Afternoon mint tea by the Thames
Afternoon tea is an English tradition that involves a kind of socialisation by drinking tea and eating snacks like scones or cakes. Today, I drank fresh mint tea and ate my apple, raspberry, and nut cake while watching the boats race by. This afternoon tea was taken after wine, cheese, baguette, oven-roasted tomatoes with fresh basil and olive oil, and salad. And the occasion? to watch the boats being rowed on the River Thames. Or rather, to watch the muscular rowers row their boats from Ham to Greenwhich.
The occasion wasn't as important as the get-together itself. It was the first time, in a long time, that I was invited to someone's house in which no one asked "who do you work for" or "where do you work". In fact, everyone identified themselves as who they were, not who they were associated with.
In the financial district of Singapore, I remember introductions being made on the basis of one's employers. "I work for a consulting firm." Or better yet,"I work for McKinsey." And no one dared ask "who's that?"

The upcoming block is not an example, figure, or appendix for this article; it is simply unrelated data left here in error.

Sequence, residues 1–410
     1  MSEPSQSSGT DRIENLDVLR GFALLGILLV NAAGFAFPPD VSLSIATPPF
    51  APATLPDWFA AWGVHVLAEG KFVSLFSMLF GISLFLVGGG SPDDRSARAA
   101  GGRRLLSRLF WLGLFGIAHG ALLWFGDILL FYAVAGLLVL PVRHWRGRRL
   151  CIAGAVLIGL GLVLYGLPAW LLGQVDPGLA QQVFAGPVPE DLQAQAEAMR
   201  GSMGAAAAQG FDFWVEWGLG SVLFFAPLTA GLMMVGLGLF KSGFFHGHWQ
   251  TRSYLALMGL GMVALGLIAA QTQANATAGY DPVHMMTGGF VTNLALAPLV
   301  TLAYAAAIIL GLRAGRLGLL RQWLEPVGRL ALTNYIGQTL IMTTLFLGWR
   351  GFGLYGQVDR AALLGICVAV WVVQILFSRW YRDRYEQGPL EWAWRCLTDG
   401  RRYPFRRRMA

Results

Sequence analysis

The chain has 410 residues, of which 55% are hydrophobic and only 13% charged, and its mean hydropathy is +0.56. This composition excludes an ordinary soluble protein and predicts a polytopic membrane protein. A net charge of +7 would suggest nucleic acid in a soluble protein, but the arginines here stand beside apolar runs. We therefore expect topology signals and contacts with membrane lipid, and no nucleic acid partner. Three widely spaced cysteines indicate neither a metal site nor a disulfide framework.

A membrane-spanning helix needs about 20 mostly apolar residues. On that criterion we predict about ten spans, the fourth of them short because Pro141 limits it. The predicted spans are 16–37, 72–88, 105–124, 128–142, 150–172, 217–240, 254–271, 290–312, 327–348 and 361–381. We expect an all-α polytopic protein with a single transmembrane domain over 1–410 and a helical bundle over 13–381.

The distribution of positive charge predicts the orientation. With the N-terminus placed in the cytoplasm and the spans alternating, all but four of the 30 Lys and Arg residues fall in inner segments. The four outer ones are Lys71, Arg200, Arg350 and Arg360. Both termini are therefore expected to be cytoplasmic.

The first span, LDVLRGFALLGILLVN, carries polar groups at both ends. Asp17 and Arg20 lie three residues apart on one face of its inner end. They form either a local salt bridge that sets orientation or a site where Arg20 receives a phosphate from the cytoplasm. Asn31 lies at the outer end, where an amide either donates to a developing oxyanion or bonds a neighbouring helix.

In the City (in London), people are equallly "institutionalised." You have to belong to an institution. You don't say,"I'm an investment banker." You say,"I'm at JP."
Today, my host introduced me to two architects, a book designer, a commissioning editor, a curator, and a psychologist. "Meet Anne. She's a pianist, here's her music playing."
What a relief to be introduced as a pianist. Everyone knows what a pianist is and does. But who would know the purpose of an online diarist?
7 September 2002 Saturday
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